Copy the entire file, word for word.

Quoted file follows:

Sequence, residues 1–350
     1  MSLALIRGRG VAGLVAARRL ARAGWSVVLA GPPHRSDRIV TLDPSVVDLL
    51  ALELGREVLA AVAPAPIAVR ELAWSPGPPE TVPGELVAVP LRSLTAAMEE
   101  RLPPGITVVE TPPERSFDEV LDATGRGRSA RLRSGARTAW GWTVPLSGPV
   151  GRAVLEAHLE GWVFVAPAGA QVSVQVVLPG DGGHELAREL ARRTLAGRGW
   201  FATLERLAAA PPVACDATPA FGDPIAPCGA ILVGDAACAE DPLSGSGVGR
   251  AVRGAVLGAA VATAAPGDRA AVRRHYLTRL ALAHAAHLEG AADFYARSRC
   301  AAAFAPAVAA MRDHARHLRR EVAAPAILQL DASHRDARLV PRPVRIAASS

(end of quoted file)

Sequence, residues 1–350
     1  MSLALIRGRG VAGLVAARRL ARAGWSVVLA GPPHRSDRIV TLDPSVVDLL
    51  ALELGREVLA AVAPAPIAVR ELAWSPGPPE TVPGELVAVP LRSLTAAMEE
   101  RLPPGITVVE TPPERSFDEV LDATGRGRSA RLRSGARTAW GWTVPLSGPV
   151  GRAVLEAHLE GWVFVAPAGA QVSVQVVLPG DGGHELAREL ARRTLAGRGW
   201  FATLERLAAA PPVACDATPA FGDPIAPCGA ILVGDAACAE DPLSGSGVGR
   251  AVRGAVLGAA VATAAPGDRA AVRRHYLTRL ALAHAAHLEG AADFYARSRC
   301  AAAFAPAVAA MRDHARHLRR EVAAPAILQL DASHRDARLV PRPVRIAASS